Originally published in 1973, this book is made available again as part of The University of Arizona Press Century Collection. This book provides a wealth of firsthand information combined with major sources provides an understanding of desert zoogeography and evolution.
Part I: Zoogeography of Southwestern Nearctic Mollusks: Integrates and evaluates information of interest to students of variation, evolution, zoogeography, and ecology of the fauna of the arid Southwest.
Part II: Annotated Check List of Recent Arizona Mollusks: Treatment of 173 valid species and 46 recognized subspecies gives nomenclature, type localities, distribution in Arizona, occurrence elsewhere in the Southwestern Molluscan Province, general Recent distribution, presence or absence in Late Cenozoic deposits, and synonymy.
Joseph C. Bequaert turned to malacology as his main interest following his retirement as Curator of Insects at the Museum of Comparative Zoology of Harvard, after serving as assistant professor at the Harvard Medical School. An honorary visiting scholar at the University of Arizona from 1959 on, he pursued this interest he had begun first at the University of Houston following his retirement in 1956. Some fifty of his many publications are based on land and fresh-water mollusks. A native of Belgium, he received his degree of Doctor of Natural Sciences at the University of Ghent in 1908, was entomologist and botanist for the Belgian Colonial Office in the Congo, then came to the United States in 1916 and subsequently acquired citizenship. Prior to his affiliation with Harvard, he was Research Associate at the American Museum of Natural History. He travelled extensively in Africa and the Americas, studying the evolution and ecology of the tropical fauna and flora.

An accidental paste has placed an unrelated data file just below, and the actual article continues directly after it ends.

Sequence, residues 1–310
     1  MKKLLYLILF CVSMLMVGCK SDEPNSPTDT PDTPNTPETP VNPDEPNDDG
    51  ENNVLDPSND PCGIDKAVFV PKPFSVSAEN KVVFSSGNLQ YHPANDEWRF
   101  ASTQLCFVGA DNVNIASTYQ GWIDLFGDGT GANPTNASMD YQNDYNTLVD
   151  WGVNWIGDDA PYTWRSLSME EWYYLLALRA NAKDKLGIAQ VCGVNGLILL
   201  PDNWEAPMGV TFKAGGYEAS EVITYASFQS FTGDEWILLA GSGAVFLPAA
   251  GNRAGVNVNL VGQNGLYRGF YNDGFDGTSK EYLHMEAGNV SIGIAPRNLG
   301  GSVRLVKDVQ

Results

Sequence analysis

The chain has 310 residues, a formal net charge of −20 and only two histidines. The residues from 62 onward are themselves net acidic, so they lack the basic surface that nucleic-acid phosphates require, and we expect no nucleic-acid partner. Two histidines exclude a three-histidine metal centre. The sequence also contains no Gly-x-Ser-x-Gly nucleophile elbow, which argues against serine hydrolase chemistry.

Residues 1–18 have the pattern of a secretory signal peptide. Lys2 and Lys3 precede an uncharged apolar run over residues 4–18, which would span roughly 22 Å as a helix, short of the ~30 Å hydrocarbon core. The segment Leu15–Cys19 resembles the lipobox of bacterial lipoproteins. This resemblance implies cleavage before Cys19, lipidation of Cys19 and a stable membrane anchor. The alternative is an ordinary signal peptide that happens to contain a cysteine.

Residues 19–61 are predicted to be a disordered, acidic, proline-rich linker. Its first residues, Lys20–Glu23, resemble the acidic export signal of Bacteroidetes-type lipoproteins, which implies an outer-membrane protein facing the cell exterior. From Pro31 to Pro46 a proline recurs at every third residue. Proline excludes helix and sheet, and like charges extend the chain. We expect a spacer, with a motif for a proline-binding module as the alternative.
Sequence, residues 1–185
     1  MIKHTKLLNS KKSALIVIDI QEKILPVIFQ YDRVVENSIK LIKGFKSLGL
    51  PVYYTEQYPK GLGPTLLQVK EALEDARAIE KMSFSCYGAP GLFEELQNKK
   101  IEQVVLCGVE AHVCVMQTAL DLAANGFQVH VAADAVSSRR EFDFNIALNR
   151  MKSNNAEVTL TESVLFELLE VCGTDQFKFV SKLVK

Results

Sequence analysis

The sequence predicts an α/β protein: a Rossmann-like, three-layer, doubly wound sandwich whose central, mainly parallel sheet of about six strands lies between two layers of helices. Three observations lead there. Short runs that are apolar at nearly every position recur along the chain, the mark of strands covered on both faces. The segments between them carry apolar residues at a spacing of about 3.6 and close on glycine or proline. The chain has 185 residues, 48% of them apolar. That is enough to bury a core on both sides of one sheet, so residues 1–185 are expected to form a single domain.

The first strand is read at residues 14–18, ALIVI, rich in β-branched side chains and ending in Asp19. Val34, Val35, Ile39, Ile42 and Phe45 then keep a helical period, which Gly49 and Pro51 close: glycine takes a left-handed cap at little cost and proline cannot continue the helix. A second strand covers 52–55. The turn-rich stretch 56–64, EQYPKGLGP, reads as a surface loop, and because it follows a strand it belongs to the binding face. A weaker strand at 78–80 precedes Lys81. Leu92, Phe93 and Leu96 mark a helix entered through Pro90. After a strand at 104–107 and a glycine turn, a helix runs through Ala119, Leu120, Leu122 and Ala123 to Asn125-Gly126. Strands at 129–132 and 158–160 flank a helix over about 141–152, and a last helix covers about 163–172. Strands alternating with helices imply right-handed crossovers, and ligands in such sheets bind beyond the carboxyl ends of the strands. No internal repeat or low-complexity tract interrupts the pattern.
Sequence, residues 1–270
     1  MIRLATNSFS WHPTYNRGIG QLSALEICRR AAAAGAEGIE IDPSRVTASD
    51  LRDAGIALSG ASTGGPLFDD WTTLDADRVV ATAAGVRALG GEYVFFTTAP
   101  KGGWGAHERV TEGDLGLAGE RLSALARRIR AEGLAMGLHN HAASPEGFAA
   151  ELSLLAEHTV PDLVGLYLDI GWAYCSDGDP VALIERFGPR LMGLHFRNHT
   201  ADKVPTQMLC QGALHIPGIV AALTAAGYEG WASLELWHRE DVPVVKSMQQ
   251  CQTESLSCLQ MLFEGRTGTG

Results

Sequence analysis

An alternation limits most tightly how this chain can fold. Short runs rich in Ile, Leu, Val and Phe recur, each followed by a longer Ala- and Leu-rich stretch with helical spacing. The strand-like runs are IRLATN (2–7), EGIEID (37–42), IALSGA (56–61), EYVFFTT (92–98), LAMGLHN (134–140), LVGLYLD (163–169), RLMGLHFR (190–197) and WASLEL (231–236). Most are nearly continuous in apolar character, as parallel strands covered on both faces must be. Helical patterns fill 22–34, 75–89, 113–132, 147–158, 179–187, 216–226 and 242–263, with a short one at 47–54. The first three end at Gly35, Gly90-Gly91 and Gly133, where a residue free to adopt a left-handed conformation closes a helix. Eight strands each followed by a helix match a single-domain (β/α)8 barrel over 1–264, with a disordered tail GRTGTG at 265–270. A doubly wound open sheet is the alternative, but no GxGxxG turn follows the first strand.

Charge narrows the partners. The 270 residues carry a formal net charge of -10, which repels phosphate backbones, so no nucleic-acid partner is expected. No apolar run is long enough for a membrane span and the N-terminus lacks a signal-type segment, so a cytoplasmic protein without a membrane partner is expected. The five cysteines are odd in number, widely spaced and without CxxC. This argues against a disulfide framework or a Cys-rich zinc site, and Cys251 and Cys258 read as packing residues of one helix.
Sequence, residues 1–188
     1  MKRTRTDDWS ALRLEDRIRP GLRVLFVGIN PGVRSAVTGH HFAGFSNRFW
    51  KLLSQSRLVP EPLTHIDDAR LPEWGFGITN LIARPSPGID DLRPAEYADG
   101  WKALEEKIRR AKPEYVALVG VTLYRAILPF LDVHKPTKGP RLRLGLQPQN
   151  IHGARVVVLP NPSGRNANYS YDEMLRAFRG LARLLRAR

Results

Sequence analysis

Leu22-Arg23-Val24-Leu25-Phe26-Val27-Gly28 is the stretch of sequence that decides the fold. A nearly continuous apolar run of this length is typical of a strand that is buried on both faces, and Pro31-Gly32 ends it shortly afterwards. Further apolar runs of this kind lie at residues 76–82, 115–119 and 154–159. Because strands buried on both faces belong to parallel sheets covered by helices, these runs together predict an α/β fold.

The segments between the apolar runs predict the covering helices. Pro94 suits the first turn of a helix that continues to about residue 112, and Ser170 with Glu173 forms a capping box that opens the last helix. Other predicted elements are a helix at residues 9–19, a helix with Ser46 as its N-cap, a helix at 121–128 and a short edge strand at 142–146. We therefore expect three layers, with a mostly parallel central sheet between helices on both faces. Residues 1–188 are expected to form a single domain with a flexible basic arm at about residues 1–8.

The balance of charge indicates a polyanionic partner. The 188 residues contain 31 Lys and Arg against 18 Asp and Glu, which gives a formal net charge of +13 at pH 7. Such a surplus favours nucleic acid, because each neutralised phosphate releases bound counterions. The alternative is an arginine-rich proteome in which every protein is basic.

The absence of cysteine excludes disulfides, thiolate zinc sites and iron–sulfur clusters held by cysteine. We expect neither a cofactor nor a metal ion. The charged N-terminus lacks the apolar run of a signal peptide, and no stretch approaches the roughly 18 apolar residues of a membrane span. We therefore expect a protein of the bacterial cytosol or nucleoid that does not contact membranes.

Walter B. Miller, whose particular fields of interest lie in the taxonomy, zoogeography, speciation, and evolution of the land snails of Western North America-particularly the Southwestern United States and adjacent Mexican states-has described numerous new species from these areas. He began collecting and studying land snails as a boy in 1932, and accumulated a large, worldwide collection while serving in the U.S. Navy. He joined the Biological Sciences faculty at the University of Arizona in 1967, from which institution he received his doctoral degree, backgrounded by his master's degree from the California Institute of Technology and his B.S. from the U.S. Naval Academy.
"To date, this is the most complete coverage of the mollusks of Arizona and the adjacent areas of the arid Southwest. Many hundreds of new detailed localities are recorded for the 154 native species reported from Arizona, based mainly on the extensive collecting activities of the two authors and their colleague, Richard H. Russell."
– The Quarterly Review of Biology